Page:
Disclosure: I received a review copy of STAGS from Pansing Books, a regional distributor, in exchange for an honest review. This does not affect my opinion of the book or the content of my review.S.T.A.G.S. by M.A. Bennett • contains 304 pages • published August 10, 2017 by Hot Key Books, Bonnier Zaffre • classified as Mystery, Thriller, Young Adult • obtained through Pansing Books • read as ARC • shelve on Goodreads
One deadly weekend.
A twisting thriller for fans of Looking for Alaska.
It is the autumn term and Greer MacDonald is struggling to settle into the sixth form at the exclusive St. Aidan the Great boarding school, known to its privileged pupils as S.T.A.G.S.
Just when she despairs of making friends Greer receives a mysterious invitation with three words embossed upon on it: huntin' shootin' fishin'. When Greer learns that the invitation is to spend the half term weekend at the country manor of Henry de Warlencourt, the most popular and wealthy boy at S.T.A.G.S., she is as surprised as she is flattered.
But when Greer joins the other chosen few at the ancient and sprawling Longcross Hall, she realises that Henry's parents are not at home; the only adults present are a cohort of eerily compliant servants.
The students are at the mercy of their capricious host, and, over the next three days, as the three bloodsports - hunting, shooting and fishing - become increasingly dark and twisted, Greer comes to the horrifying realisation that those being hunted are not wild game, but the very misfits Henry has brought with him from school...
Standalone or Series?
Before I delve into my review proper of STAGS, does anyone know if it will have a sequel? While it can stand on its own, I feel like there’s more to be told, and I’d love to know if this is going any further. I’ve tried to find out more but there seems to be no news aside from the movie rights that’ve been sold.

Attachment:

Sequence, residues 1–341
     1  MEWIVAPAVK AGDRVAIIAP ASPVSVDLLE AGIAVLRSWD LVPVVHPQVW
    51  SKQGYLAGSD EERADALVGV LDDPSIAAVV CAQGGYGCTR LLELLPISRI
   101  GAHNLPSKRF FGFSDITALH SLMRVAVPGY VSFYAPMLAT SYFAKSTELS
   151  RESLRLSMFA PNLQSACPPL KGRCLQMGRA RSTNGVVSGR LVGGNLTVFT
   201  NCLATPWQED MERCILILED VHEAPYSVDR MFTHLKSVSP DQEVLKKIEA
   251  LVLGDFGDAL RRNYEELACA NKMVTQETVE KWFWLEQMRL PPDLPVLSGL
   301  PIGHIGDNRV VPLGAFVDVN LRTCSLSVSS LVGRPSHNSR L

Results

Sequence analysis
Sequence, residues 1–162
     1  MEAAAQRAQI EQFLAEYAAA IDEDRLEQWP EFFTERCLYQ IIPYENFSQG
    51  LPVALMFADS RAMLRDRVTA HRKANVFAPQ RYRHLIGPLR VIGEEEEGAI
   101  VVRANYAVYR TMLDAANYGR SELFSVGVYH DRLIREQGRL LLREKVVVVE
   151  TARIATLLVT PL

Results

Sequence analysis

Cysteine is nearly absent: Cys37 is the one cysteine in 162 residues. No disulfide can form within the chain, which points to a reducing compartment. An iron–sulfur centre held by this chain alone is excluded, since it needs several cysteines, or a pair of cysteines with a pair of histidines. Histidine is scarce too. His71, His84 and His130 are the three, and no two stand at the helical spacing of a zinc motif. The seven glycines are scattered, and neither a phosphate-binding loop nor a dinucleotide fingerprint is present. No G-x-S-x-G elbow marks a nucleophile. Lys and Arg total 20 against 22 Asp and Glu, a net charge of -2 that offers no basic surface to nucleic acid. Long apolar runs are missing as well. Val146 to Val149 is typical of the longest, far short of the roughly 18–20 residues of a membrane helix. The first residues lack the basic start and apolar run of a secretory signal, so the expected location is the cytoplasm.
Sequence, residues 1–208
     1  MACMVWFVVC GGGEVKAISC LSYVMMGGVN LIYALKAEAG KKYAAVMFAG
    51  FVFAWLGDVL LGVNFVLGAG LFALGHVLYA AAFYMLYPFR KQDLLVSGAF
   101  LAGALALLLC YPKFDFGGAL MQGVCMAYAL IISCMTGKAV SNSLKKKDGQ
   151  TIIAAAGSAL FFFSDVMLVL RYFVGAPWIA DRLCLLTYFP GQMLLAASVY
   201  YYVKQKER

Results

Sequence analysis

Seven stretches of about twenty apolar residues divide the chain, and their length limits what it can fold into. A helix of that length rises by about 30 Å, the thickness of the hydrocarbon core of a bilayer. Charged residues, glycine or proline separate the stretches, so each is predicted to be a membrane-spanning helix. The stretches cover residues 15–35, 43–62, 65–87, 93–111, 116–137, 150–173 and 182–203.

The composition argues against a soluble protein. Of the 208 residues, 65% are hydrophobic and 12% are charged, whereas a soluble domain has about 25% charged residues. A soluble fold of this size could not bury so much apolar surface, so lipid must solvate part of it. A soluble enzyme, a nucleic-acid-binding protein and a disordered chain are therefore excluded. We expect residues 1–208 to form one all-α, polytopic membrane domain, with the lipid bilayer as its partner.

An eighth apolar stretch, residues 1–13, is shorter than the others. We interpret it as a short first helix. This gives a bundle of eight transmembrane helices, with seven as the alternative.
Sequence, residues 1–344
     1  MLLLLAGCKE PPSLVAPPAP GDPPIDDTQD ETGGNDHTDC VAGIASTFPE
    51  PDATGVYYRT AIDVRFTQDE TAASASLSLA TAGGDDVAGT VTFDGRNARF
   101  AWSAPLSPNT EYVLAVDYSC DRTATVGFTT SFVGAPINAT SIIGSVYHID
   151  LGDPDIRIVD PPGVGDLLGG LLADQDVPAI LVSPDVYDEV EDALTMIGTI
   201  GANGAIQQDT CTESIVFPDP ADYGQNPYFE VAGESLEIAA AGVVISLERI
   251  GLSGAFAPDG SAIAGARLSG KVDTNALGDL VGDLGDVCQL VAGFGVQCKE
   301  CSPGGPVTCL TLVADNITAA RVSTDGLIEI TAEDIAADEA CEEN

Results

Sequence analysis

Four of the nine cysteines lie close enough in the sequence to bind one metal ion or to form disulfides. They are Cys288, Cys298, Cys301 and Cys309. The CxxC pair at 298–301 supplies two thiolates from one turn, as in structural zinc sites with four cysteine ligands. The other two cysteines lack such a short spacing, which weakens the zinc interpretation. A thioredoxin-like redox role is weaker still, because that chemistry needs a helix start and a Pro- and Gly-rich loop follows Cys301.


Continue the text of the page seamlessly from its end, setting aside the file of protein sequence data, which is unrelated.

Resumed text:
Edit: Thanks to my dear friend, Chiara, I learnt that M.A. Bennett is working on a sequel. I can’t wait for it to be released!
Who’s the Victim?
STAGS isn’t a conventional “whodunnit” mystery novel. It’s clear from the opening sentence that someone died. But who? Now, that’s the question! Sadly, I figured that out way too early, so the mystery aspect didn’t grip me quite as much as I’d have liked. Thankfully, there still was more to the book than meets the eye — some really twisted events and towards the end, some sinister foreshadowing of the future.
There were parts during which I felt oddly dispassionate, in that, maybe I should’ve been a tad bit more horrified. Then again, that could have been the point because once I reached the punchline, my conflicting emotions came crashing down. STAGS truly messed with my emotions, you guys! I went from wary to apathetic to shocked to worried, then cycled through all these again. All that, despite predicting some major plot twists. I think the nature of the premise particularly contributed to that.
Another aspect I appreciated was the way racism was dealt with and challenged in STAGS. A couple of characters were extremely racist, while others who didn’t actually mean to be displayed racist tendencies against their better judgement as well. Rather than letting these things slide, most instances were addressed in ways that derided racism, even if the racist characters didn’t repent.
I think racist characters are difficult to incorporate well without sweeping injustice under the rug, preaching or sidelining the plot but in the case of STAGS, it worked.
Points for Originality
Overall, the premise was such a novel one to me (pun not intended), that I didn’t mind that some parts of STAGS were predictable. Starting with the assertion that someone died but revealing the alleged murderer rather than the victim isn’t something I’ve seen much, if ever, in YA mystery books.